With reliance on homogenous security controls throughout the environment, zero trust allows for consistent policies, while remaining independent from the underlying network topology. As cloudfronts scale dynamically in real time, established controls and protection policies are able to adapt for instant, consistent security.

Edgewise Networks has embraced zero trust and has operationalized it with machine learning, for Trusted Application Networking. Using this approach, Edgewise Networks can stop compromise and attack progression of network-borne threats. To learn more about zero trust and how it is used as part of Trusted Application Networking, view our Zero Trust Networking 101 webinar.

Tom Hickman, VP of Engineering

Written by Tom Hickman, VP of Engineering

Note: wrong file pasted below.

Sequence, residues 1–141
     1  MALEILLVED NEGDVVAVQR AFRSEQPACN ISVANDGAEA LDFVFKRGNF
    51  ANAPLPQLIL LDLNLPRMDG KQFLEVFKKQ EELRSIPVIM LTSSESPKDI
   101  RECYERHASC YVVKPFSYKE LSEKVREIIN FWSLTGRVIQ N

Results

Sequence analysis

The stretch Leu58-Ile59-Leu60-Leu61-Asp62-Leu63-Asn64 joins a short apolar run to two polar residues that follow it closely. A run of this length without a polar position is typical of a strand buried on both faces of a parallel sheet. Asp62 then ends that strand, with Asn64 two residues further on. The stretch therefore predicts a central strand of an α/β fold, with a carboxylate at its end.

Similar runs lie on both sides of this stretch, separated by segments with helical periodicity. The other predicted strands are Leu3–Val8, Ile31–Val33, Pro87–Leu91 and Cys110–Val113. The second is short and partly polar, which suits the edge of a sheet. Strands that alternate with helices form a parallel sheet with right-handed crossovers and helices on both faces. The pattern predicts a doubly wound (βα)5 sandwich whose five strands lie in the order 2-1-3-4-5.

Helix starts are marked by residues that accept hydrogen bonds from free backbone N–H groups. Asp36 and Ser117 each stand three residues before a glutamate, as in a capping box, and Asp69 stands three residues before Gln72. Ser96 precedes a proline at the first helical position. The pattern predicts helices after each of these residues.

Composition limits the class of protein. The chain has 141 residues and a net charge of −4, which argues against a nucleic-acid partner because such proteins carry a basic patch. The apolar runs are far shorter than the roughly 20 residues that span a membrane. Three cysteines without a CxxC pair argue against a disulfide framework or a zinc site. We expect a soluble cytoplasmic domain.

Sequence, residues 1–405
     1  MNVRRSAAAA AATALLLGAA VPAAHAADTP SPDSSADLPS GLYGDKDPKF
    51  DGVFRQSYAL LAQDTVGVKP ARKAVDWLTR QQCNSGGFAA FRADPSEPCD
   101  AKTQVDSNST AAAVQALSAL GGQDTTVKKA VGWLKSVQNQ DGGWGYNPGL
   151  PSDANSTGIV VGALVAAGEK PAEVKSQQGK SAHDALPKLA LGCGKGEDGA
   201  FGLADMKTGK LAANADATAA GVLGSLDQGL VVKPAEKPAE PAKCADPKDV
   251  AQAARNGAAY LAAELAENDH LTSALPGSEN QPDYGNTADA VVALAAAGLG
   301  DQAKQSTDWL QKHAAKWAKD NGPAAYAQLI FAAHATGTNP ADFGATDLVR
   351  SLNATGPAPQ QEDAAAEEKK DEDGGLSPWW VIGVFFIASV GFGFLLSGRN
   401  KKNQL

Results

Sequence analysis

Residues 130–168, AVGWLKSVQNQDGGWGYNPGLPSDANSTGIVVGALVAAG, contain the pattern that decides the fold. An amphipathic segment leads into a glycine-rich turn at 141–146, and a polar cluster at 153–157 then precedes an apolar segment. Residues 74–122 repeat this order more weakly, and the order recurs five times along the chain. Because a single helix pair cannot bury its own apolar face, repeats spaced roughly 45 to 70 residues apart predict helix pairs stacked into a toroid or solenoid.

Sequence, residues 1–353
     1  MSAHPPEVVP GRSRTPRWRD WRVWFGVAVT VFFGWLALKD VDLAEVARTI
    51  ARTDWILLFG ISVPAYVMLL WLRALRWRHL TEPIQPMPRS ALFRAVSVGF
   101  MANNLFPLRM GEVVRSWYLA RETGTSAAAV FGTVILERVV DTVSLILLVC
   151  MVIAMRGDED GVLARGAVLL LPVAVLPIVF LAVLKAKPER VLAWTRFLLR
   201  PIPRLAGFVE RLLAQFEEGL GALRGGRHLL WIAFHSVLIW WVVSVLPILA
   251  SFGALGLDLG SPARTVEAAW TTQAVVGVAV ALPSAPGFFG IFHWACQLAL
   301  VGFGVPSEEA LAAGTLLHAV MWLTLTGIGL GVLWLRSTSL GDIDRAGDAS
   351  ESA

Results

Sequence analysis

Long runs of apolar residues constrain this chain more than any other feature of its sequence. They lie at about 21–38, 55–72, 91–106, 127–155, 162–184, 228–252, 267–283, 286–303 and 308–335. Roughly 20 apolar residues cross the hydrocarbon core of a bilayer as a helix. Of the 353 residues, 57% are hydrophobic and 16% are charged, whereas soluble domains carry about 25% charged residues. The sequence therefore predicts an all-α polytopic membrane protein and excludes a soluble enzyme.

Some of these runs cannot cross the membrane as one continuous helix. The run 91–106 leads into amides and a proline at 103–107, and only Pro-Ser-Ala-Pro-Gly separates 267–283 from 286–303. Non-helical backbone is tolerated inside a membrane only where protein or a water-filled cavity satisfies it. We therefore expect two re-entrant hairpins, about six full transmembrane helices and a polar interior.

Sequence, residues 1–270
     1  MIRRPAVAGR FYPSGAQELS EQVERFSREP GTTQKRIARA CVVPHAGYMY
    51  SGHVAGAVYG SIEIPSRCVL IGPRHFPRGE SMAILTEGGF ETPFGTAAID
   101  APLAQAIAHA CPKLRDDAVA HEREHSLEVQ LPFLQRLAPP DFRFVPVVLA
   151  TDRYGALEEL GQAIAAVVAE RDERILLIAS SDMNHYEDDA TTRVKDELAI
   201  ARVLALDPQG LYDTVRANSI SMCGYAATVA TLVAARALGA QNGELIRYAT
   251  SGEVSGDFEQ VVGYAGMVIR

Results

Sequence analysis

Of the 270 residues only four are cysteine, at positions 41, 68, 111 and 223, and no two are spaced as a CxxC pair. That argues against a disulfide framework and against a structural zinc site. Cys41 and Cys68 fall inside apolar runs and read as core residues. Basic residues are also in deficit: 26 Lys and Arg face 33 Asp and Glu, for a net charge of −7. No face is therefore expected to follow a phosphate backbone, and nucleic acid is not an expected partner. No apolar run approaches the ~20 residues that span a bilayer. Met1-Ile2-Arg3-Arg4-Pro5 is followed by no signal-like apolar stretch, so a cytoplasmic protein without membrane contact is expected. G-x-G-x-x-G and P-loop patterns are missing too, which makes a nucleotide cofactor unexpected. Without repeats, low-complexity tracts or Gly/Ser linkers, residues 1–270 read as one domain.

Tom is VP of Engineering at Edgewise, which marks his eighth startup. Past roles have included Director of Global Sourcing at Iron Mountain where he built and maintained a global outsourcing center of excellence, and Vice President of Engineering at My Perfect Gig, an agile development firm that built data-filled search and analytic software for the technology recruiting market. Most recently, Hickman served as the Vice President of Engineering at Veracode where he led engineering and product strategy, helping to grow Veracode from a single product company to a multi-product security platform that was recently acquired by CA Technologies for more than $600 million.